While these percentages appear small, they represent a significant number of potentially affected children since neurodevelopmental harm is likely irreversible. EPA did not estimate the number of pregnant women or children potentially affected. We did. Based on four million children born in the U.S. each year, an estimated 400,000 were born to women with hypothyroxinemia. A one percent shift in the population of women with hypothyroxinemia associated with perchlorate exposure would correspond to an increase of 4,000 impacted children; if there is a five percent shift, the number of impacted children born to hypothyroxinemic mothers would increase to 20,000.

The agency is accepting public comments until Nov. 20, 2017 and will convene a peer review panel to review its findings in January 2018. After considering the panel's feedback, EPA will develop a Maximum Contaminant Level Goal (MCLG) and, eventually, a drinking water standard for perchlorate. The model's conclusions and identification of a new reference dose are also expected to inform EPA's standards for hypochlorite bleach to limit degradation to perchlorate and FDA's assessment of its decision to allow perchlorate to be added to plastic packaging and food handling equipment at concentrations as high as 1.2 percent.

EDF and NRDC submitted joint comments to EPA supporting the draft report and its analysis. We also made the following general observations:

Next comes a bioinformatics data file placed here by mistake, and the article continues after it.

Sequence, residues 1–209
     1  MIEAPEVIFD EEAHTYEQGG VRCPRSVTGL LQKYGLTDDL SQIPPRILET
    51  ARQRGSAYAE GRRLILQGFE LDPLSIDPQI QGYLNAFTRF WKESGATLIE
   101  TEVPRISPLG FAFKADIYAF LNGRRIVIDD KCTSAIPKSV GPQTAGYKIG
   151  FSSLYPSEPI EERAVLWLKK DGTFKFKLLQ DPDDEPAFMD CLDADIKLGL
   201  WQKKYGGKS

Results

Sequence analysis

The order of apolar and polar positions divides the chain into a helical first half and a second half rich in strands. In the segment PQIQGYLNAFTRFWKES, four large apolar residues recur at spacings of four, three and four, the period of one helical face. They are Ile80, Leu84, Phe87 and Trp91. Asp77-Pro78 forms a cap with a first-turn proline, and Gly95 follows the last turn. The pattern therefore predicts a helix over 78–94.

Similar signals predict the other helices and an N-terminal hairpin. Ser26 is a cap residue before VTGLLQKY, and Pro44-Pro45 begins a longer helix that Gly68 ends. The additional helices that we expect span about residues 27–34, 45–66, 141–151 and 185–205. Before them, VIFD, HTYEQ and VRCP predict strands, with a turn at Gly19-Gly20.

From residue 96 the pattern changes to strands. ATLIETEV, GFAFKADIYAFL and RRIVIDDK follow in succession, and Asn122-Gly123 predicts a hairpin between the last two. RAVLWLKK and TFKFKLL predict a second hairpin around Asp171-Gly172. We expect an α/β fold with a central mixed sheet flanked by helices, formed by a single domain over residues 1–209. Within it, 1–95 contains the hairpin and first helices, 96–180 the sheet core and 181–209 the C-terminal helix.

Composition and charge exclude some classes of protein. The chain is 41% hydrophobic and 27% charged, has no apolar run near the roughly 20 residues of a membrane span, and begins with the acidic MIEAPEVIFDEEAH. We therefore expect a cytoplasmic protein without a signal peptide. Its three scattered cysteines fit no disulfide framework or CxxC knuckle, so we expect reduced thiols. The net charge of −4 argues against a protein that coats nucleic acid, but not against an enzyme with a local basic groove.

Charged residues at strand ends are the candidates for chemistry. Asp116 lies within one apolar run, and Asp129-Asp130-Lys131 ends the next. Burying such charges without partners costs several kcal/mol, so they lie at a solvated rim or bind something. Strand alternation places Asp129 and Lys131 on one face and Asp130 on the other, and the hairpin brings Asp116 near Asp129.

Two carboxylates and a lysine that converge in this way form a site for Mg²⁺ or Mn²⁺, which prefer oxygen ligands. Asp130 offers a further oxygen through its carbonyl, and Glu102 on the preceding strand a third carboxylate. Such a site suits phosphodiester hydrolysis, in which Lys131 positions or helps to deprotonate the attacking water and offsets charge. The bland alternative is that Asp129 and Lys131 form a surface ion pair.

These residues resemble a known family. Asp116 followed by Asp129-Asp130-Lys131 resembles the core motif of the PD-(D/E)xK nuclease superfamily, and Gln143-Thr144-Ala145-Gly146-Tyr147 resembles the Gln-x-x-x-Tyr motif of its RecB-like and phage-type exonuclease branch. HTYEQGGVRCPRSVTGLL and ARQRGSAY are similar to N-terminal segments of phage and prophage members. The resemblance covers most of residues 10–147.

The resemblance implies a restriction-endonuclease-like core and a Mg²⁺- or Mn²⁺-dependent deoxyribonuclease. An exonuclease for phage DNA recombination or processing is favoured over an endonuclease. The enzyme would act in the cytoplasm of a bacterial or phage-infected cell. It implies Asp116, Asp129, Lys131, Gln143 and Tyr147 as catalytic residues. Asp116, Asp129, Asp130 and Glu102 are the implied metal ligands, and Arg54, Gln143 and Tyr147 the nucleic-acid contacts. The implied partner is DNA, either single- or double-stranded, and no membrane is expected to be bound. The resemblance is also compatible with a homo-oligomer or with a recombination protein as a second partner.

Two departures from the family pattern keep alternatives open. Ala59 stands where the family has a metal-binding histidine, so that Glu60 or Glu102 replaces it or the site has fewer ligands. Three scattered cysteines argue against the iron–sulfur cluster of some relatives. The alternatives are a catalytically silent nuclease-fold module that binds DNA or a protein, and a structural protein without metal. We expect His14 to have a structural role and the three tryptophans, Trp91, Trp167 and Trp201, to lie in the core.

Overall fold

·       Incremental changes in free T4 (fT4) are fundamental: Critical neurodevelopmental adverse effects could be missed by measuring full range maternal fT4. Windows of susceptibility are common in all organs during development. Hormonal control of brain development is no exception. Therefore, adverse neurodevelopmental outcomes will vary based on the time and duration of decreases in fT4 levels. We appreciate seeing the agency building a model based on this fundamental principle of developmental biology.

·       EPA's scientists provide an essential service: Academic researchers laid a solid foundation for the analysis. Without their work, typically funded by government grants, we would not have the evidence necessary to recognize the harm from perchlorate at the levels under consideration. But it took the independent scientists at EPA, building on a model developed by FDA, to provide the objective rigorous review of the evidence and adapt the model.